HEAPOW: Finding a Pulse in a Dead Star (2022 Mar 28)

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HEAPOW: Finding a Pulse in a Dead Star (2022 Mar 28)

Post by bystander » Mon Mar 28, 2022 7:08 pm

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It's somewhat of a mystery how heavy elements like gold are created in the Universe. Lighter elements can be cooked up in the centers of stars by combining simple nuclei into more complex ones. Stellar explosions can produce even more complicated nuclei. But gold, it turns out, is hard to explain by any of these fairly well understood mechanisms, and apparently requires even more extreme methods. Scientists currently think that gold and other complex atoms are created through the the collisions of neutron star binary systems. Such systems start out as gravitationally bound massive stars (each star having a mass in excess of about 8 times the Sun's mass). Through the course of normal stellar evolution each star will in turn run out of nuclear fuel and explode as a "core-collapse" supernova, leaving behind a compact object, which, if the explosion is not too violent, can remain gravitationally bound in orbit around its companion. The compact object can be a neutron star, or, if the exploding star was especially massive, a black hole. These binaries gradually lose orbital energy due to the emission of gravitational radiation, and will eventually spiral together. If the compact objects in the binary are both neutron stars, the extreme violence of their merger produces a neutron-rich environment just right for creating heavy elements like gold. We've actually witnessed this happen in August of 2017, an event called the "golden merger" by scientists. An especially interesting massive binary is the system known as LS I +61 303. This binary contains a rapidly spinning massive star surrounded by a disk of matter flung off the star's surface. The massive star is orbited by a compact object produced by the supernova of a normal massive companion star. The system is unusual because it produces bursts of gamma rays and X-rays when the compact object splashes through the disk. The identity of the compact object was a mystery for over 40 years, but has now been solved thanks to observations with China's Five-hundred-meter Aperture Spherical radio Telescope (or FAST), the world's second largest telescope. These FAST observations discovered transient, sub-second radio pulsations from the compact object. The discovery of these pulsations confirm that the mysterious compact object was in fact a neutron star, indeed a magnetar, a neutron star with a extremely strong magnetic field. It's unclear whether this system will eventually form a neutron star binary merger - but it bears watching.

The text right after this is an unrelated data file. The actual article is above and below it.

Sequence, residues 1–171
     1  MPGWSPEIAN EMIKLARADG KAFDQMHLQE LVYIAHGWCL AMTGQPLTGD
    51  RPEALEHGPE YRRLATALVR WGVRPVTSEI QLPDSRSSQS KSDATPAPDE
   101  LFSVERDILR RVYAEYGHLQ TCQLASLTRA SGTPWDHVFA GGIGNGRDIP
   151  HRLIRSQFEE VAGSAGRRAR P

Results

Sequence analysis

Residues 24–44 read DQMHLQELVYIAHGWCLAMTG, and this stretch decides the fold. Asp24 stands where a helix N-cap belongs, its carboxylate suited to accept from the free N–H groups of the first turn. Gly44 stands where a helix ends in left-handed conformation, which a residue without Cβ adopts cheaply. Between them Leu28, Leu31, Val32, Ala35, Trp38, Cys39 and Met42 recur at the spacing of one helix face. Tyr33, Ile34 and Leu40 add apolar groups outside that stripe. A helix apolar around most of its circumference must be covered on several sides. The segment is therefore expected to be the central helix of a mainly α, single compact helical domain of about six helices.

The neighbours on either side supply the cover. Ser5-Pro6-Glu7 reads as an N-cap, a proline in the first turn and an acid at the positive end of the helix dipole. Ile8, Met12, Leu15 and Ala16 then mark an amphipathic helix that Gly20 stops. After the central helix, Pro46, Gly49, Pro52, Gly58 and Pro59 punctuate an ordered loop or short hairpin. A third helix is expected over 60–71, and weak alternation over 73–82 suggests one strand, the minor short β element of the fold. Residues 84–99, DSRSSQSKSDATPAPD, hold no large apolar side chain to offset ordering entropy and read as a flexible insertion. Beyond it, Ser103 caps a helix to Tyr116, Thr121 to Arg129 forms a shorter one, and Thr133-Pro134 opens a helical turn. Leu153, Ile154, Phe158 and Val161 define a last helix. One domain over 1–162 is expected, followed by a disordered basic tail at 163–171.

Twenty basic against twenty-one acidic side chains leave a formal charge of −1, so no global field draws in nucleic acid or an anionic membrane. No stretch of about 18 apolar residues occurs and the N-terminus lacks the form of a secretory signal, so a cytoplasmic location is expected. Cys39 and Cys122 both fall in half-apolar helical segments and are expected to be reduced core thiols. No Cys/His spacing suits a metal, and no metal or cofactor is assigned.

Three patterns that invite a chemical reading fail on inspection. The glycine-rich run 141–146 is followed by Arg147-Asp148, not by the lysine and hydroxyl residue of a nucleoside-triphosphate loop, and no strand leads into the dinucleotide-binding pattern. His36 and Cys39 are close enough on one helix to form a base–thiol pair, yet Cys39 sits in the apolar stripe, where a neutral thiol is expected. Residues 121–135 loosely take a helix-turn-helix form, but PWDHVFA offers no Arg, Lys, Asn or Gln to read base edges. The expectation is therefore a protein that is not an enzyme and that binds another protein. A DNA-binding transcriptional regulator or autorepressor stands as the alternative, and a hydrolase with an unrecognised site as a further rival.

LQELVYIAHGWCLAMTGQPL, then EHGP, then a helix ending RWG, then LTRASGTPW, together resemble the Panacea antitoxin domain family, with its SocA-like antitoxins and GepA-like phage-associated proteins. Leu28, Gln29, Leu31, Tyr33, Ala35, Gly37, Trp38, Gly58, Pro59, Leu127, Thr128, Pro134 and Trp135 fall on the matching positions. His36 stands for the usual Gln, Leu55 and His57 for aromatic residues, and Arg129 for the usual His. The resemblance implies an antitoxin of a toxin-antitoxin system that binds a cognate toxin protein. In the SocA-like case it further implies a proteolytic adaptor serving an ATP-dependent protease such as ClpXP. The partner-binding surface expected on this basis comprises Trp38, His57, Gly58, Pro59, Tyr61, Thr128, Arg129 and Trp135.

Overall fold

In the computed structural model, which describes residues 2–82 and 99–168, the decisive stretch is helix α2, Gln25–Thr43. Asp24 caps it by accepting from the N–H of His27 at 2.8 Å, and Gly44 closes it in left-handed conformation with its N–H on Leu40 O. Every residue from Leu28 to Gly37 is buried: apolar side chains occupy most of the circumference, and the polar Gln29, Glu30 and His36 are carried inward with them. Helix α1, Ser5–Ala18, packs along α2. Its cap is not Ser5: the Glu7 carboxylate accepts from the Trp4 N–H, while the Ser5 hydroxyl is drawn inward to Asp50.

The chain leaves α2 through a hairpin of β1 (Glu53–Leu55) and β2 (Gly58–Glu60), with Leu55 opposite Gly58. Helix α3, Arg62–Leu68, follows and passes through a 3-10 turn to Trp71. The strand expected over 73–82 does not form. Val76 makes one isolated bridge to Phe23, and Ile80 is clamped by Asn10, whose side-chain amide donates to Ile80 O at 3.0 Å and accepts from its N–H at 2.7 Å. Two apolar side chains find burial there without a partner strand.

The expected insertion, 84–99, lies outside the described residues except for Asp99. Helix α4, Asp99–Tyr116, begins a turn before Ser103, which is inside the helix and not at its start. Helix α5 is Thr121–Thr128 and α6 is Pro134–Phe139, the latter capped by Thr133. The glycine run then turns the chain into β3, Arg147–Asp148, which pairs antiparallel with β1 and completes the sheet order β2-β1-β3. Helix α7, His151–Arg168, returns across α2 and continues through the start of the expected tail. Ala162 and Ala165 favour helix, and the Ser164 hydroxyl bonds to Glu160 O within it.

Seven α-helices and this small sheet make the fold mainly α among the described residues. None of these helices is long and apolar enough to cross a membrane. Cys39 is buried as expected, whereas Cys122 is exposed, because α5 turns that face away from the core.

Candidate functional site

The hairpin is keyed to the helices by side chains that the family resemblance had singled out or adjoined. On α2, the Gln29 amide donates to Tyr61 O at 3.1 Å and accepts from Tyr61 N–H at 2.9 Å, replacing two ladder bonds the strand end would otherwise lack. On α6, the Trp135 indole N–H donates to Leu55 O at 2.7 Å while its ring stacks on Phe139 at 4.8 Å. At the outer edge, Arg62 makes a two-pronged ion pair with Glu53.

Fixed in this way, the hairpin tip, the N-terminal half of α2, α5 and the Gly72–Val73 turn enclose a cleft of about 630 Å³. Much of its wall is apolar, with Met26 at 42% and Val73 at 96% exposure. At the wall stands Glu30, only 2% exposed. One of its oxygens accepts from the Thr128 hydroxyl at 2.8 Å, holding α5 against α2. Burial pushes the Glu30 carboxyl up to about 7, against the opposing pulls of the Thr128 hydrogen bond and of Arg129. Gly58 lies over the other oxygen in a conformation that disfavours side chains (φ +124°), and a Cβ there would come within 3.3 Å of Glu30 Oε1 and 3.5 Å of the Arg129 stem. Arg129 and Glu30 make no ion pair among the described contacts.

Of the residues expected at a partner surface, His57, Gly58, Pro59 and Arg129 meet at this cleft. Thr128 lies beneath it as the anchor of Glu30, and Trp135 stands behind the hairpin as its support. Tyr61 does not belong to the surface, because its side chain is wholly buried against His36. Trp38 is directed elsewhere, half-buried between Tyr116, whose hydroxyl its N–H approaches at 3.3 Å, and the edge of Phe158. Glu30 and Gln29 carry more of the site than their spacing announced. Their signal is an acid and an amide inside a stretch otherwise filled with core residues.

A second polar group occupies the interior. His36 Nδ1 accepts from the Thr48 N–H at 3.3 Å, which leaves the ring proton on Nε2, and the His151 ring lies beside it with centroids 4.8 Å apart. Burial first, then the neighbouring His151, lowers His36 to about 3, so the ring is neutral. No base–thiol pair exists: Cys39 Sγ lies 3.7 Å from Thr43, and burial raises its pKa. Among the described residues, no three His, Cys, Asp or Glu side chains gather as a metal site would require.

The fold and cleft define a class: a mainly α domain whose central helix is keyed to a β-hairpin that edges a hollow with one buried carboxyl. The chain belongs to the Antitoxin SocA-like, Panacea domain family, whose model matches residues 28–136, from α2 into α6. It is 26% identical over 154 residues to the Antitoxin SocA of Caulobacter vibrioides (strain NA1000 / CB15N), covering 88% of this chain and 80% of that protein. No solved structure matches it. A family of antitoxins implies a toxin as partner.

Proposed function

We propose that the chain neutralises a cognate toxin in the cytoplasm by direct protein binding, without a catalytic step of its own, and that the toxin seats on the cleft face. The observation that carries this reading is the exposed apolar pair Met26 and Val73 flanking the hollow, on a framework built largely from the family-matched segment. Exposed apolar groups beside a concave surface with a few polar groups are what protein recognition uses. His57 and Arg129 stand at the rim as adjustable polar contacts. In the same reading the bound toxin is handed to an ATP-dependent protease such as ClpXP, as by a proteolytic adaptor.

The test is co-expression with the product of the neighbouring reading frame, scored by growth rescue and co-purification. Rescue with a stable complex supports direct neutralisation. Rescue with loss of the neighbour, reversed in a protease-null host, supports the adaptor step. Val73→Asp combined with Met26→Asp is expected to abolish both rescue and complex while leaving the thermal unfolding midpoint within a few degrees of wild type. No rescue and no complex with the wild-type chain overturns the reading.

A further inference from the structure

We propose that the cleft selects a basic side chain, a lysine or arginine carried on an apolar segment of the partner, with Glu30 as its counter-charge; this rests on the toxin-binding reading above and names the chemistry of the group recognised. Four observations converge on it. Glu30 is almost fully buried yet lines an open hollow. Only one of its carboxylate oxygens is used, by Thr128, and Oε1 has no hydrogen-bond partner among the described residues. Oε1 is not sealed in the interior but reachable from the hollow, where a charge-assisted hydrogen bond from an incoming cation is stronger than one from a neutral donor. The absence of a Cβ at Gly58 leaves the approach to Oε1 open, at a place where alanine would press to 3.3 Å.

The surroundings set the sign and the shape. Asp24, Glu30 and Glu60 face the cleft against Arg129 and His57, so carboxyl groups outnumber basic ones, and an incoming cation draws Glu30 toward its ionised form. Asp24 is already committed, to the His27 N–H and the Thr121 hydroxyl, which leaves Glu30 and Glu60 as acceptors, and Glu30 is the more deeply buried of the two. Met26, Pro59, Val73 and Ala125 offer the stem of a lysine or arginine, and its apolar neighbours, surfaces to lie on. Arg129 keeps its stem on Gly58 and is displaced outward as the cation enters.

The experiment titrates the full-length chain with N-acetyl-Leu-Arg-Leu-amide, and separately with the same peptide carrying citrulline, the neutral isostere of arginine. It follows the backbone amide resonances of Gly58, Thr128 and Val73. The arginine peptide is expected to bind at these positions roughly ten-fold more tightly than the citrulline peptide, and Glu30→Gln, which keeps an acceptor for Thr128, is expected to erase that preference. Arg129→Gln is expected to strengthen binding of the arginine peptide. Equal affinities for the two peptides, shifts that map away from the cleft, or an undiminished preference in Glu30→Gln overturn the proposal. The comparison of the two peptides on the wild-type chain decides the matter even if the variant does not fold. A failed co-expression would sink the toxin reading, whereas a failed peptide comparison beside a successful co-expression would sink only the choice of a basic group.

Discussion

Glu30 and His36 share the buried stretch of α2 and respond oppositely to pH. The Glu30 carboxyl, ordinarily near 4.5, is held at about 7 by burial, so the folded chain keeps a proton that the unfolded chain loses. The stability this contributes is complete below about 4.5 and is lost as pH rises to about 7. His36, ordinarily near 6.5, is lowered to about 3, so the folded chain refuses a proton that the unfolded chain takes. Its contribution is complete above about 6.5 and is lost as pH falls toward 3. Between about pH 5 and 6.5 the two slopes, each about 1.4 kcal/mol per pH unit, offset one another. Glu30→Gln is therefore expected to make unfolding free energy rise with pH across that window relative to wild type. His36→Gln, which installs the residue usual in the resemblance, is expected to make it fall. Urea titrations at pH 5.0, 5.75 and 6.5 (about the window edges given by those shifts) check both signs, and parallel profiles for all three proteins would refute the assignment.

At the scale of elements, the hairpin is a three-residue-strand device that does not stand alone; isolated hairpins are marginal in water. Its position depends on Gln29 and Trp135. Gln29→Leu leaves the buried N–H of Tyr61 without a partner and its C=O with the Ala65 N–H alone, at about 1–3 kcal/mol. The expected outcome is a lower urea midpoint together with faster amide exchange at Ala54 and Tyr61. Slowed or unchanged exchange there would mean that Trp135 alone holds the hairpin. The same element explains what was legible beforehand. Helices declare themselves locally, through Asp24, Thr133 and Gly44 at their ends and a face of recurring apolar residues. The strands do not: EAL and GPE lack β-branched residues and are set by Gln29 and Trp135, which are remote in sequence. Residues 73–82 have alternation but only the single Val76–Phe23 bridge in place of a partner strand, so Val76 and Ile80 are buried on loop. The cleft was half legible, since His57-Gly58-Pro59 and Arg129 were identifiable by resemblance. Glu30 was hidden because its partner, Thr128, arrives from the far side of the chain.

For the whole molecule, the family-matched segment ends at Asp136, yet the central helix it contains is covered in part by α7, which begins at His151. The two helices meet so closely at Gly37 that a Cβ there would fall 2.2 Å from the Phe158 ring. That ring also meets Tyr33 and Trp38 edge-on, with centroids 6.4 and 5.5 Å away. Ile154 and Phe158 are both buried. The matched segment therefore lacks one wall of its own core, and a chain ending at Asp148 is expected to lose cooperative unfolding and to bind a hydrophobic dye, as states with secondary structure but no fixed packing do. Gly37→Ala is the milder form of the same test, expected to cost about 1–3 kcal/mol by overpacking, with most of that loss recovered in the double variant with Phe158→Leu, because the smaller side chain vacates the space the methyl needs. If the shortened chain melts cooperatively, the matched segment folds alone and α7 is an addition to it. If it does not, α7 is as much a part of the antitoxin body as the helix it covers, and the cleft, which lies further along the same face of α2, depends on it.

ICE-CISC: Radio Pulsation from the System LS I 61 303 Detected, after Decades of Search

Radio Pulsations from a Neutron Star within the Gamma-ray Binary LS I +61° 303 ~ S. Weng et al

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Re: HEAPOW: Finding a Pulse in a Dead Star (2022 Mar 28)

Post by saturno2 » Mon Mar 28, 2022 10:18 pm

Very interesting